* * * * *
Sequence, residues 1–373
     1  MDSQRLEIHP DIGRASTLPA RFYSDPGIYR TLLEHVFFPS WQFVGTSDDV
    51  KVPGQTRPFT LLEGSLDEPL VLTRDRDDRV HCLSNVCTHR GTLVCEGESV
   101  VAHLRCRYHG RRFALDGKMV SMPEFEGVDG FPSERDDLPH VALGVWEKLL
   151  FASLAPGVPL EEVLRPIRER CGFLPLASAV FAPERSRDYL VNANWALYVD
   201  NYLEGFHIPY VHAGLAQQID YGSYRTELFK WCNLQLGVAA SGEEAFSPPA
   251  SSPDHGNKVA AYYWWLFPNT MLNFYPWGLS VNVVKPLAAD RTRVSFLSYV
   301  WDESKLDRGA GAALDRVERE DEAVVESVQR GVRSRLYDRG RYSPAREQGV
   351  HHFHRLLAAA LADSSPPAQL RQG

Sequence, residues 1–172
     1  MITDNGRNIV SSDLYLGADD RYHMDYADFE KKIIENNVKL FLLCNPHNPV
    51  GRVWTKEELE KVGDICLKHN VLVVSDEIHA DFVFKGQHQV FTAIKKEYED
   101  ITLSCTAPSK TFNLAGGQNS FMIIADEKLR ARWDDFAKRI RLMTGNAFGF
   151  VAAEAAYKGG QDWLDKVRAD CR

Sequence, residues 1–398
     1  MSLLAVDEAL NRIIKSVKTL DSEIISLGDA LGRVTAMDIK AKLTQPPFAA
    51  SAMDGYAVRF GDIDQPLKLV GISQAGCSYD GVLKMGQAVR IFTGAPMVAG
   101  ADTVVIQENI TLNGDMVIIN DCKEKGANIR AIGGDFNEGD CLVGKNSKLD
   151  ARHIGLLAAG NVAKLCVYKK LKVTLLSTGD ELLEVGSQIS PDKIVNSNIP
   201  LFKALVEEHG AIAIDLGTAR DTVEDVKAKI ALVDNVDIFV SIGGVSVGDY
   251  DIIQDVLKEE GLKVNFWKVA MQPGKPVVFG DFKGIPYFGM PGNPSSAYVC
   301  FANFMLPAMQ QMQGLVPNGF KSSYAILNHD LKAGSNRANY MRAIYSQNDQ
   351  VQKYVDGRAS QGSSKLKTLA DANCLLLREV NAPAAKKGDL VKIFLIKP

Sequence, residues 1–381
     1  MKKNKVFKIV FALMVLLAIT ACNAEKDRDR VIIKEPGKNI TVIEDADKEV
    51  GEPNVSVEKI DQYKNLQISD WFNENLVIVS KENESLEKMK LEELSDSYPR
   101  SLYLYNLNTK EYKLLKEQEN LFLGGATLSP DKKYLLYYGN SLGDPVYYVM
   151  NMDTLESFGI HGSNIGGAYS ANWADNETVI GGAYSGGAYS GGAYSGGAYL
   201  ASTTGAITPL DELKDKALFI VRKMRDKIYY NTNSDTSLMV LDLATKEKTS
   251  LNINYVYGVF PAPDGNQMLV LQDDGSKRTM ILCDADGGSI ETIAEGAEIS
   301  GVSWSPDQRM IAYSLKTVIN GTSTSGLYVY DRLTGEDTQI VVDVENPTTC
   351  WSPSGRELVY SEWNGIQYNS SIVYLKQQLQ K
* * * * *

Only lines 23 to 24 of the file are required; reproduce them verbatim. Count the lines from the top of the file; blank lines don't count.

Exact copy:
   351  VQKYVDGRAS QGSSKLKTLA DANCLLLREV NAPAAKKGDL VKIFLIKP

Sequence, residues 1–381